I developed a sudden interest in Clementine Churchill after watching the drama Churchill’s Secret on TV earlier this year. It depicted what I assumed at the time was a fictitious incident of Churchill having a stroke in the 1950s and it being covered up. It also depicted rather strained relations between Clementine and her children. Having searched for biographies of her I selected Clementine Churchill by her daughter Mary Soames – an obviously partial account, but one that sounded an interesting way of delving into her history and character.
On reading it I realised that Churchill did indeed have a stroke in June 1953 during his last stint as Prime Minister, whilst entertaining the Prime Minister of Italy in Downing Street. After the family squirreled him away from his guests for a night’s sleep, he then presided at Cabinet the next morning. But by lunchtime he was much worse and was persuaded not to take Questions in the House. The following day he was just about able to walk to a waiting car in Downing Street, but unable to get out of it by the time he reached the family home Chartwell in Kent. By the next day it was thought unlikely that he would live through the weekend.
Great secrecy surrounded the incident at the time, which meant a very small circle indeed was told. This included three media barons who achieved the incredible, and in peace-time possibly unique, gagging of Fleet Street, so that word did not spread. I could not believe that this was something I had never heard about before.
Reading this was also fascinating as it meant seeing the great events of the twentieth century from the perspective, albeit via her daughter, of someone who was at the heart of them. I was quite shocked by Mary’s attitude to the Suffragettes, given the recent celebrations of them and their cause. She comes across as more disapproving of them than her mother, who approved of their cause despite their methods, which frequently put Winston’s life in danger.
It was also fascinating to read about the relationship Clementine had with her children. Mary describes it as Winston dominating Clementine’s whole life, so that her children, personal pleasures, friends and outside interests competed for what little was left. As Mary puts it ‘Winston came first – always’. Clementine apparently loved babies, but as her children got older she was often unable to share treats and expeditions with them and so missed that part of her relationship with her children. She became as reserved with them as she was with others, making her relationships with them unspontaneous and formal.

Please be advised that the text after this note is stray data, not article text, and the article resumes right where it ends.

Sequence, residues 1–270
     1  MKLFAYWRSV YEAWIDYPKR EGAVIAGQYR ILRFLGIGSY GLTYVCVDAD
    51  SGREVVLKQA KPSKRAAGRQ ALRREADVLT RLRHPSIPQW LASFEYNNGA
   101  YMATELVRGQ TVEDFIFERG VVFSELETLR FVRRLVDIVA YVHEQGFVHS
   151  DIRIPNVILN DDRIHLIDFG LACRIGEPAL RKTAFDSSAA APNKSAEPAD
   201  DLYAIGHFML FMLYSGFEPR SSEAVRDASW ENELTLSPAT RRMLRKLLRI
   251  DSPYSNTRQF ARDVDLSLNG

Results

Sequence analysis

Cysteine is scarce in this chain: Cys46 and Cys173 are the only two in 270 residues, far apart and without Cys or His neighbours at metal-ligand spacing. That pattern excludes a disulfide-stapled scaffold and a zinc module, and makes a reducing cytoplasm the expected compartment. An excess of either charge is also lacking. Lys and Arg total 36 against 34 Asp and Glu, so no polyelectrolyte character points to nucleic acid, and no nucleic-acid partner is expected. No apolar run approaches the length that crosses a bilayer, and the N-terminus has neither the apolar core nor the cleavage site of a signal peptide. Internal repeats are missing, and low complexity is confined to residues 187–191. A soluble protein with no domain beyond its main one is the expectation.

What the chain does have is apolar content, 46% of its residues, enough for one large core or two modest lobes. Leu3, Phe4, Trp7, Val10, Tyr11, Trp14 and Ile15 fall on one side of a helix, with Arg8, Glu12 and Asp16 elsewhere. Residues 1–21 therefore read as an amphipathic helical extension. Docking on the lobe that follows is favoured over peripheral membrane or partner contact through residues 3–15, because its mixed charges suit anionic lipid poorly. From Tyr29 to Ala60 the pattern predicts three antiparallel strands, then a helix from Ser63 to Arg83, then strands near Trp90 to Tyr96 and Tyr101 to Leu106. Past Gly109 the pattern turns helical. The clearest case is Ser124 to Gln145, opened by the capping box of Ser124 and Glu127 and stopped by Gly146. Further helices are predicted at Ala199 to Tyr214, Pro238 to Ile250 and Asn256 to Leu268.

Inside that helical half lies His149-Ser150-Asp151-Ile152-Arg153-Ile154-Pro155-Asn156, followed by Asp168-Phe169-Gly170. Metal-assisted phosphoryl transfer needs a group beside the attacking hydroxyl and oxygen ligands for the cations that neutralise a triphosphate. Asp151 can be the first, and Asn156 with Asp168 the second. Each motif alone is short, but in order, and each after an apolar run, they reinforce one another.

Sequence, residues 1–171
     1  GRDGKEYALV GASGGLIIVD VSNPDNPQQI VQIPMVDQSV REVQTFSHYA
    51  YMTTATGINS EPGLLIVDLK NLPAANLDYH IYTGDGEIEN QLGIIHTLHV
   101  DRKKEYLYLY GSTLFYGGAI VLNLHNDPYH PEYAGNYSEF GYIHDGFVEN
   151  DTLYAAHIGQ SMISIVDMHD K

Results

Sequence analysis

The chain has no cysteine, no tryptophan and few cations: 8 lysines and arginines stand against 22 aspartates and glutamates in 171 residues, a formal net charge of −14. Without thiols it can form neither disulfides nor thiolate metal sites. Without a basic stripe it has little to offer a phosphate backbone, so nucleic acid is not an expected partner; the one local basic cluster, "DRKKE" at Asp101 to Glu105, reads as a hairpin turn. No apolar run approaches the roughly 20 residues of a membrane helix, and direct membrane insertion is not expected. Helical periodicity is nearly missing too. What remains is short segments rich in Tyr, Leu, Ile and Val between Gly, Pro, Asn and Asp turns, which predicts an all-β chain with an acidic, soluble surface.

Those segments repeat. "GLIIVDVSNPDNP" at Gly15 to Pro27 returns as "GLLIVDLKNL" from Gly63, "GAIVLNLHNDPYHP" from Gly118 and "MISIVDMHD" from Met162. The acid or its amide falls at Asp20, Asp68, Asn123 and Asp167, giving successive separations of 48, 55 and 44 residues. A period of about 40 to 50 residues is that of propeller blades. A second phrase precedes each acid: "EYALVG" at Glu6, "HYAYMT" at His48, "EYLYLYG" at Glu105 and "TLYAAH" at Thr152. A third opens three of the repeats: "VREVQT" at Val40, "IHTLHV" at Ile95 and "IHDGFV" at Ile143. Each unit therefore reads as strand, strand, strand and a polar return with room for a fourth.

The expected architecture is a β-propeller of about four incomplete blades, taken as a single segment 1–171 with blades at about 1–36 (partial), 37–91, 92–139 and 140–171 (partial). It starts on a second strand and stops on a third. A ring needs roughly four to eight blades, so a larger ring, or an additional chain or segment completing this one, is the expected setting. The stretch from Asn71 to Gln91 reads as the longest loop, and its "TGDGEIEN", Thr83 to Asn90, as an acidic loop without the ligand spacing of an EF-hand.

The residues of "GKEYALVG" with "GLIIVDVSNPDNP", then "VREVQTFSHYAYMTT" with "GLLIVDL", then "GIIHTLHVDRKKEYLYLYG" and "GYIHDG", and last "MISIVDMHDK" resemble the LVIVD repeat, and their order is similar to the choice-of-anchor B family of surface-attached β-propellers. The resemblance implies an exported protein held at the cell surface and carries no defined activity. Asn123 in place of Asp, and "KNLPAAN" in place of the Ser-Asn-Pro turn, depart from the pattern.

The children revered their mother and her beauty and ‘placed her goddess-like on a pedestal’. Mary describes their demands and concerns as trivial compared to the ‘immensely important tasks’ that consumed their parents interests and time. She writes that ‘We never expected either of them to attend our school plays, prize-givings or sports days. We knew they were more urgently occupied, and any feelings of self-pity were overborne by a sense of gratification that their presence was so much required elsewhere.’
Her son Randolph and Clementine never established a close relationship – Mary describes that ‘their character and outlook and attitude to life were too dissimilar’. Sarah and her mother developed ‘a loving, companionable understanding’, despite her parents trying to delay or prevent her marriage. Diana’s relationship with her mother was clouded with misunderstanding, whilst Mary describes her own relationship with her mother as respectful and admiring rather than close in the early days, although she got to know her mother better as ‘a person rather than a deity’ in skiing holidays together, which gave a foundation for a then long and loving close relationship. With all of her children Clementine applied her own perfectionist standards, which was not always easy for them as she was immensely demanding, and ’emotional, electric storms’ could brew when her public face of serenity and calm cracked in private.
Clementine clearly led an extraordinary life and the strains of it were bound to have an impact. On top of supporting Winston through the world events that shaped their lives, she lost her daughter Marigold at the age of three and then Diana, who had a nervous breakdown and committed suicide in October 1953. Her extreme resilience was shown again after Winston’s death on 24 January 1965 when she did not collapse, and she finally had to deal with the death of her son Randolph who died suddenly at the age of 57 in 1968. Of the five children she had borne, only Sarah and Mary survived her.
I am so glad that Churchill’s Secret inspired me to find out more about Clementine Churchill. This is a fascinated take, from the inside of the family, of both her family life and her public life.